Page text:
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In the Philippines and in Papua New Guinea, communities can benefit from whale shark ecotourism. But each country has its own culture and attitudes…

Not too long ago, the fishermen of the village of Donsol were hunting whale sharks, and numbers were declining. Nowadays, the fishermen have discovered that whale shark tourism makes good business. The World Wildlife Fund Philippines, the UNDP and the local government together developed a community-based ecotourism and conservation programme, with the aim of providing local people with a sustainable income whilst protecting the species. Donsol is now one of the world’s most popular destinations for whale shark tourism.


Whale shark and fishermen, picture: Conservation International / Burt Jones and Maurine Shimlock

But a code of conduct is desperately needed, existing interaction guidelines are not followed.  A substantial number of concerned visitors have reported that regulations have not been implemented, thereby posing a threat to the whale shark populations. Some experts also state feel that feeding the whale sharks can alter their natural behaviour and influence their natural migration patterns. The increase in tourist numbers has given rise to a parallel increase of non-compliance to the existing interaction guidelines. A substantial number of concerned visitors have reported that regulations have not been implemented, thereby posing a threat to the whale shark populations.

“Whale sharks are really amazing animals. They are very gentle. But people should remember that they are wildlife animals and feeding them could pose more harm than good,” said Alan Amanse, who was president of Donsol’s Butanding Interaction Officers Association from 1998 to 2010. He feels whale sharks are leaving because of several factors, one of them severe stress  (read more at:

The area is heavily overfished, and the whole community could benefit from fishing and ecotourism regulations, that would provide long term protection for all fish stocks. The “whale shark eco tourism” of course generates an income to local stakelholders, but without proper management, this could all stop.

In  Papua New Guinea, where whale shark tourism is on the rise, there is however another problem. There have been research papers that indicate that sharks can be worth a lot of money because of shark diving tourism in Palau ( Fiji (, but how much should local people actually get?

Lida Pet-Soedle of the World Wildlife Fund writes about her experiences in Papua New Guinea, where whale sharks are present in the Cendrawasih National Park, and experts are investiging possibility for eco tourism. There had been a conflict between the  fishers, mostly temporary fishers from Sulawesi several miles away), the communities living in the area, and the live aboard dive operators who had started to give the lift net fishers money in order for tourists to swim around their platforms. But one community member had threatened to kill the whale sharks because the economic benefits of the tourism activities were not being shared with his community—the rightful “owners” of the area concerned. He felt that  if his community would not benefit from the whale sharks, then no one else should. This conflict is now solved, but it generated questions.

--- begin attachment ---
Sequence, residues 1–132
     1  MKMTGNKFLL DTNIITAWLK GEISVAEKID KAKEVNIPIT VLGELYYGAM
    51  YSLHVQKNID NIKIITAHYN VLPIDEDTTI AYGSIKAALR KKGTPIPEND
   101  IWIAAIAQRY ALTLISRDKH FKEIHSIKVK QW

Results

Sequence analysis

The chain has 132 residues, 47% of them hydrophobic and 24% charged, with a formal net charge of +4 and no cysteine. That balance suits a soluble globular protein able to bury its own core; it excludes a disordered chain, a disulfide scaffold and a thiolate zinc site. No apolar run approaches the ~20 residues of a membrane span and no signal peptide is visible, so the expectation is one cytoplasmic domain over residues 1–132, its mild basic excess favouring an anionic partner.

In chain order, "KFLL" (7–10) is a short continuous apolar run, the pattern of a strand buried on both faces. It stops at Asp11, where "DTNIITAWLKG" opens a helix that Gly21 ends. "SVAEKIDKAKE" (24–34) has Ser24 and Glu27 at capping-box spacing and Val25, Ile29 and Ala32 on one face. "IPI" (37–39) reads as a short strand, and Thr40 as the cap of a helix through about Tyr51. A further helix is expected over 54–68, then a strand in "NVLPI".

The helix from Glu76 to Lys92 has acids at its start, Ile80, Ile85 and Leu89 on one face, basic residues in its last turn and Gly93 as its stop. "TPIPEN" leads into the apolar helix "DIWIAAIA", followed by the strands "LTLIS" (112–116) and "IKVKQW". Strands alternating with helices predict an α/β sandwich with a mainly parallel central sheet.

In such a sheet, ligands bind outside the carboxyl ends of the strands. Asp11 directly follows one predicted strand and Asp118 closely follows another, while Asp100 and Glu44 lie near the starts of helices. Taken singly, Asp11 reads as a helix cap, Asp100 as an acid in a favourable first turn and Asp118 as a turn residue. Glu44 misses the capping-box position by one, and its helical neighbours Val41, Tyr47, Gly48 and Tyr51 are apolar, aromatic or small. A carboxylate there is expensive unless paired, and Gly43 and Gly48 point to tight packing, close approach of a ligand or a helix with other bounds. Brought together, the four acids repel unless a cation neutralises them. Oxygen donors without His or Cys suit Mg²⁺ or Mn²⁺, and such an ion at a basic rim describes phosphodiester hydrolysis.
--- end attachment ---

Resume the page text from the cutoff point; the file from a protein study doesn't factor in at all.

On her way to Cendrawasish, the airport was closed because of a conflict about payments. The local community asked for half a million US dollars. Having paid 20% of it to open up the airport again, the government now faces tough negotiations for the remaining request.


Whale Sharks in Cenderawasih Bay, picture Jones/Shimlock, Secret Sea Visions

Lida states: “This example illustrates to me how important it is to invest in outreach and education especially among the young Papuan generation.If we start putting a cash value on everything that falls under the hak ulayat tenure scheme ( strong traditional tenure regulations), there may be no end to the payments. ” She feels there has to be an understanding of the importance of sustainable fishing and habitat protection, and there is an urgent need to improve collaborative management for the sustainability of fish populations.

Read her full blog on:

Watch the whale sharks of Cenderawasih Bay in this video:

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